The developer cited by the City of Ansonia for a host of blighted conditions at a former industrial property on Main Street has appealed, saying construction to redevelop the property will begin within 60 days.
A hearing on the “remediation plan” from the developer, Moustapha Diakhate, has been scheduled for Jan. 7 at 6 p.m. in City Hall.
UPDATE Dec. 10 at 1:41 p.m.: The blight hearing on the property has been rescheduled to Dec. 10 at 5:30 p.m. in City Hall.
The city sent a blight notice Nov. 12 to Diakhate threatening his company with fines of more than $20,000 per day if he does not fix up 501 E. Main St., the former “Process Lab” of the Farrel Corporation.
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Diakhate bought the five-story, 88,000-square-foot building in January 2013, along with several other buildings formerly owned by the Farrel Corporation, for a total of $1.9 million.
At the time of the purchase, he and officials envisioned a mixed-use redevelopment of 501 E. Main St., to include residential and retail components. City officials hailed it as a potential rebirth for downtown Ansonia, which has several large and crumbling old factories.
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But months went by and no plans were ever filed with the city’s Planning and Zoning Commission.
Meanwhile, the company that financed the sale of the property filed notice in City Hall of its intention to foreclose on the property.
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The city has already done some work at the property to fence off access to it, Corporation Counsel John Marini said Tuesday (Nov. 25) after David Blackwell Sr., the city’s anti-blight officer, discovered evidence of squatters living there.
City crews had previously fenced off an alley on the property between East Main Street and Main Street.
Diakhate replied to the city’s blight letter Monday (Nov. 24).
“Buildings have been in same condition prior to our acquisition,” Diakhate wrote as his reason for contesting the blight citation. “Buildings are being redeveloped — and all blight issues will be fixed during major construction to start within 60 days.”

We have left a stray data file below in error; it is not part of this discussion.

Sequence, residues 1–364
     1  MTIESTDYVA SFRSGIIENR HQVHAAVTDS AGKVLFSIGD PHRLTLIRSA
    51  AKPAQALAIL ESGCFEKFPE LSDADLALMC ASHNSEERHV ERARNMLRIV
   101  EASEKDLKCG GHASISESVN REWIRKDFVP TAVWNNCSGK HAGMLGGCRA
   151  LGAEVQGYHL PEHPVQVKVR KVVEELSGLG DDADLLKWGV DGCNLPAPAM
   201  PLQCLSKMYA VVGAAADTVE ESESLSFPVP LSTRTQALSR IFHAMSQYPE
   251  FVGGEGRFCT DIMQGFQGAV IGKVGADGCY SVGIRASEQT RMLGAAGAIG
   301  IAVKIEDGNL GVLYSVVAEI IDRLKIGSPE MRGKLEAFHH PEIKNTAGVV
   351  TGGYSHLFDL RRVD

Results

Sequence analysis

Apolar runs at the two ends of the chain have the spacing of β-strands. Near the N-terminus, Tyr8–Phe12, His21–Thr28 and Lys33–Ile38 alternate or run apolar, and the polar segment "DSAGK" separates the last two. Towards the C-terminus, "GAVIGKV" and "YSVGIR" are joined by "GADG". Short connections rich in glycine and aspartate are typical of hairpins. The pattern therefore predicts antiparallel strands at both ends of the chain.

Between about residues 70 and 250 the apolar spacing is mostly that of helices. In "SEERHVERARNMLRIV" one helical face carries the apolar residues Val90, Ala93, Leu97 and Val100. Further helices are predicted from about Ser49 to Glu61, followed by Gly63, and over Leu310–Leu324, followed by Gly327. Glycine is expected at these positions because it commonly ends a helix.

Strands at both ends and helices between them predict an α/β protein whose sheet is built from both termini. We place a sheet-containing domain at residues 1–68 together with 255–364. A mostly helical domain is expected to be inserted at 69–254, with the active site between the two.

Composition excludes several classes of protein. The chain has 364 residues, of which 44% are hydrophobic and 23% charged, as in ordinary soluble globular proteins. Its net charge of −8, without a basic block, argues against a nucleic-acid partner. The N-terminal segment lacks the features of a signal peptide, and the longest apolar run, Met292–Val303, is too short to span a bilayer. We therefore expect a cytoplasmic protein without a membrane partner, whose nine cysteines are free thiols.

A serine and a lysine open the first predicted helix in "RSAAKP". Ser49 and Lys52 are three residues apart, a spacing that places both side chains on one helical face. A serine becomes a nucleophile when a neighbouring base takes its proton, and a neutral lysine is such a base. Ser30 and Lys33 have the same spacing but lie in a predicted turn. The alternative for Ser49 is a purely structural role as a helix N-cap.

Diakhate attached a “remediation plan” that details the work his company plans to do on the property.
The plan says that Diakhate’s company “contemplates submission of site plan approval in December 2014.”
“During course of construction, windows will be removed and replaced,” the remediation plan says. “In the interim, management intended to install tarps on the interior of the ground floor of the structure. All broken panes of glass will be removed.”
Diakhate’s remediation plan also envisions power washing or painting over graffiti on the property, removing overgrown weeds, and sweeping cement and debris.
That work will start Jan. 1 and be done Feb. 1, according to the plan.
Marini, who wrote a beefed-up anti-blight law passed by Aldermen this year, said the city will see what Diakhate presents at the Jan. 7 hearing.
If the “blight conditions” cited by Blackwell are all fixed up by then, chances are the blight citation would go away.
If the building is still blighted, a “blight hearing officer” — one of two local lawyers, Joseph Jaumann or Keith Murray — will decide whether Diakhate’s remediation plan is workable.
“Typically they’re going to look for a solid time frame and some evidence that it will be done,” Marini said.
The hearing officer could give Diakhate more time to fix up the property.
But Marini noted that if that happened and the city didn’t see any progress at the site, the fines threatened in Blackwell’s letter would be retroactive back to the day it was received by Diakhate.
The Valley Indy sent Diakhate a message seeking comment Tuesday afternoon.
He said this month that he would presenting redevelopment plans for the property soon and that his company also had the property’s foreclosure under control.